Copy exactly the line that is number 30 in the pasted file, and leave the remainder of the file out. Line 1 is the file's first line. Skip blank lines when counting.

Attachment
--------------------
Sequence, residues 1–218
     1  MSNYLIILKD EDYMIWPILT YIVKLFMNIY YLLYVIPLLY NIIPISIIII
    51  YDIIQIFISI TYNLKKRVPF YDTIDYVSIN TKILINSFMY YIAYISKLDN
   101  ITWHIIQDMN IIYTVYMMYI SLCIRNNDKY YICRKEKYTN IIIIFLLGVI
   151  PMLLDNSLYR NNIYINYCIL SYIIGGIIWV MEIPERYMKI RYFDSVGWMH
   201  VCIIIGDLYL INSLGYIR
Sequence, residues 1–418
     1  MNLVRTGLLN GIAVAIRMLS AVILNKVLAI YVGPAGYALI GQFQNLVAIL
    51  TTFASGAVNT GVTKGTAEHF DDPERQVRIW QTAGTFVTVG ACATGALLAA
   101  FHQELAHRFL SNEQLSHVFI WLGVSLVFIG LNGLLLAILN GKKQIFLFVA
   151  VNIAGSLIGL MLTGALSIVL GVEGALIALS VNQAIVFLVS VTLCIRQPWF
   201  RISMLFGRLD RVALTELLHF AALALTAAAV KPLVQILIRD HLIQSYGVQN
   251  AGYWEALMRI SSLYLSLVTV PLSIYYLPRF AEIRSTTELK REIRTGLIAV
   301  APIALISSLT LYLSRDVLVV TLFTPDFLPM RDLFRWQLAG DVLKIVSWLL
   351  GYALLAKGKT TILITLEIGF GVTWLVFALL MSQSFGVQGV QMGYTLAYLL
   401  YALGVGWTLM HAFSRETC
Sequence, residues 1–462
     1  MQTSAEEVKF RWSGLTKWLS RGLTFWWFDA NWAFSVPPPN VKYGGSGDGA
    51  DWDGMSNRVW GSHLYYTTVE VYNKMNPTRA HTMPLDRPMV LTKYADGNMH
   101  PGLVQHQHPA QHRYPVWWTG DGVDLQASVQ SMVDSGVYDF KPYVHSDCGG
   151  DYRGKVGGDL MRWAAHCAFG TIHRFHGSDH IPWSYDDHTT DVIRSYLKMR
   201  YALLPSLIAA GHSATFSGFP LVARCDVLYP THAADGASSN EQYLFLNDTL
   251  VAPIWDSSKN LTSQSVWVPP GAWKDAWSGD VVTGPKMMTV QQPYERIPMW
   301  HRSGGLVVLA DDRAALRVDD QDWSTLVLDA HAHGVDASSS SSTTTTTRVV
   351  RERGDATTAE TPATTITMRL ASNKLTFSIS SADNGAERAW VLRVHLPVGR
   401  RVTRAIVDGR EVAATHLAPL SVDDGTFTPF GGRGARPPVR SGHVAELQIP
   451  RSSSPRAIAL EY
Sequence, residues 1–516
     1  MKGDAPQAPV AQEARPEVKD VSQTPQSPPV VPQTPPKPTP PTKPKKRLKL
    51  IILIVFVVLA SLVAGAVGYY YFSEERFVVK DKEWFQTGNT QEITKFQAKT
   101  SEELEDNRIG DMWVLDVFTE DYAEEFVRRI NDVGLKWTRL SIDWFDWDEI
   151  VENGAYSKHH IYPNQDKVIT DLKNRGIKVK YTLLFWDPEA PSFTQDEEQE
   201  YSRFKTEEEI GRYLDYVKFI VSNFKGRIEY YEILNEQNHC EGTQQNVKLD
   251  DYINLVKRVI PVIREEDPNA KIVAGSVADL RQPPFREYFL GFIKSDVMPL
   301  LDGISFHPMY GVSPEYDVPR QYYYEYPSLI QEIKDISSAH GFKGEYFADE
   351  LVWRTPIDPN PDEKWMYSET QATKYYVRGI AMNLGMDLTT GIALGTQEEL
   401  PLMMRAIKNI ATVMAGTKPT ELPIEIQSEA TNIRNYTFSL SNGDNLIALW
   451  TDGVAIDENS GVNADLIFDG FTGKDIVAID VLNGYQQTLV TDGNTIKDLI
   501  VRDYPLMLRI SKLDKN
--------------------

    51  IILIVFVVLA SLVAGAVGYY YFSEERFVVK DKEWFQTGNT QEITKFQAKT